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By Gavin Van De Walle MS, RD
Moringa is an Indian herb derived from the Moringa oleifera tree.
It has been used in Ayurveda medicine — an ancient Indian medical system — to treat skin diseases, diabetes and infections for thousands of years.
Additionally, it's thought to offer weight loss benefits.
This article reveals whether moringa powder can help you lose weight and provides information on other potential benefits, various forms and safety.
Rich in Powerful Compounds
Native to India, Asia, and Africa, the leaves of the moringa tree are highly nutritious.
They're rich in vitamins, minerals, and other beneficial plant compounds.
Per 3.5 ounces (100 grams), moringa leaves contain approximately (1):
- Protein: 27 grams
- Fat: 6 grams
- Fiber: 34 grams
- Sugar: 3 grams
- Sodium: 1,361 mg
- Calcium: 173% of the Daily Value (DV)
- Iron: 133% of the DV
- Zinc: 27% of the DV
- Magnesium: 126% of the DV
- Copper: 111% of the DV
- Vitamin A: 176% of the DV
Moringa leaves are high in vitamins, minerals, and powerful plant compounds like polyphenols.
Supposed Weight Loss Benefits
Moringa powder has been suggested to promote weight loss.
Animal and test-tube studies show that moringa can reduce fat formation and enhance fat breakdown (9).
Still, it's unknown whether these effects translate to humans.
To date, no human studies have investigated the effects of moringa alone on weight loss.
However, studies have looked at the effects of supplements containing moringa combined with other ingredients.
In one 8-week study in 41 obese people on an identical diet and exercise regime, those taking 900 mg of a supplement containing moringa, turmeric, and curry lost 10.6 pounds (4.8 kg) — compared to only 4 pounds (1.8 kg) in the placebo group (10).
In a similar but larger study, researchers randomized 130 people who were overweight to receive the same supplement as the above study or a placebo.
Those given the supplement lost 11.9 pounds (5.4 kg) over 16 weeks, compared to only 2 pounds (0.9 kg) in the placebo group. They also significantly decreased their LDL (bad) cholesterol and increased their HDL (good) cholesterol (11).
Still, it's unclear whether these benefits are attributed to moringa, one of the other two herbs, or a combination.
More comprehensive studies in this area are needed.
Studies show impressive weight loss benefits in people taking a multi-ingredient supplement containing moringa. However, the benefits cannot be attributed to moringa itself.
Other Potential Health Benefits
Although moringa powder alone hasn't been shown to promote weight loss, animal and test-tube studies suggest that it may offer other health benefits.
- regulate blood sugar
- lower blood pressure
- lower cholesterol
- reduce inflammation
- protect against heart disease
These benefits are linked to the various powerful compounds found in moringa powder, namely polyphenols and other antioxidants (18).
While research has yet to consistently validate these benefits in humans, moringa remains a popular supplement.
Moringa powder has shown promise in animal and test-tube studies for a variety of health benefits, but research in humans is lacking.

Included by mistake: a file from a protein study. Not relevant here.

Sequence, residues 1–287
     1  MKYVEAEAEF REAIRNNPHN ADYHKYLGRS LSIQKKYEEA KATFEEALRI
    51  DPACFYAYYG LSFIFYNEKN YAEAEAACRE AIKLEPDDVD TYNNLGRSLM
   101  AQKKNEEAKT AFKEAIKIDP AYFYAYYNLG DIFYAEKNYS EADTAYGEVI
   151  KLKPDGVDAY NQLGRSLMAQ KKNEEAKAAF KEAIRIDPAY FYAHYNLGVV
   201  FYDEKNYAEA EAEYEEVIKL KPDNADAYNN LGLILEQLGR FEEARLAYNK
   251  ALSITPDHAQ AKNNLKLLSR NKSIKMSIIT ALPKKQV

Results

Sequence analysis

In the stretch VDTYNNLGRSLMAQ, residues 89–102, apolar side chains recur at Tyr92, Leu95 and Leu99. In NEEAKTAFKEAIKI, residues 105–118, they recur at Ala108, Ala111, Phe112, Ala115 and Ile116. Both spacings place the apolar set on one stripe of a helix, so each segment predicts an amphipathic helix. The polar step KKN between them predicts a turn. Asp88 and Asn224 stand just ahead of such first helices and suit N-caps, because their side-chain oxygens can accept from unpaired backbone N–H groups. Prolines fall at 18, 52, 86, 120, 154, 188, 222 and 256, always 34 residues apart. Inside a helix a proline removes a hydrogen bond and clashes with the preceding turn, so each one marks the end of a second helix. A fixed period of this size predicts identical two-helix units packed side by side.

You can buy moringa in several forms, including powder, capsules, and tea.
Due to its versatility, moringa leaf powder is a popular option.
It's said to have a bitter and slightly sweet taste. You can easily add the powder to shakes, smoothies, and yogurt to boost your nutritional intake.
Recommended serving sizes of moringa powder range from 2–6 grams.
The capsule form of moringa leaves contains the crushed leaf powder or its extract.
It's best to choose supplements that contain the extract of the leaf because the extraction process improves the bioavailability or absorption of the leaf's beneficial components.
You can differentiate between the two by reading the supplement facts label, which will state whether the product contains the powdered leaf or extract form.
Moringa can also be consumed as a tea.
If desired, spices and herbs — such as cinnamon and lemon basil — can help offset the slightly earthy taste of pure moringa leaf tea.
It's naturally caffeine-free, so you can consume it as a relaxing beverage before bed.
It's also a good option if you're sensitive to the effects of caffeine.
Moringa powder can be added to many drinks, taken as a capsule, or consumed as a tea.
Safety and Side Effects
Moringa powder is generally well tolerated with a low risk of side effects (19).
Regardless, it's still a good idea to speak with your healthcare provider or pharmacist before trying moringa powder — especially if you're taking medications for blood pressure or blood sugar control.
Studies suggest that moringa powder has a strong safety profile, but you should consult with your healthcare practitioner before trying moringa powder or other new supplements.
The Bottom Line
Moringa oleifera is a tree that grows in several countries.
Leaves of the tree contain healthy compounds, including vitamins, minerals, and polyphenols.
Though moringa powder is often marketed for weight loss, more research is needed before this and other benefits can be confirmed.
In any case, moringa powder is nutritious and likely safe for most people when consumed in recommended doses.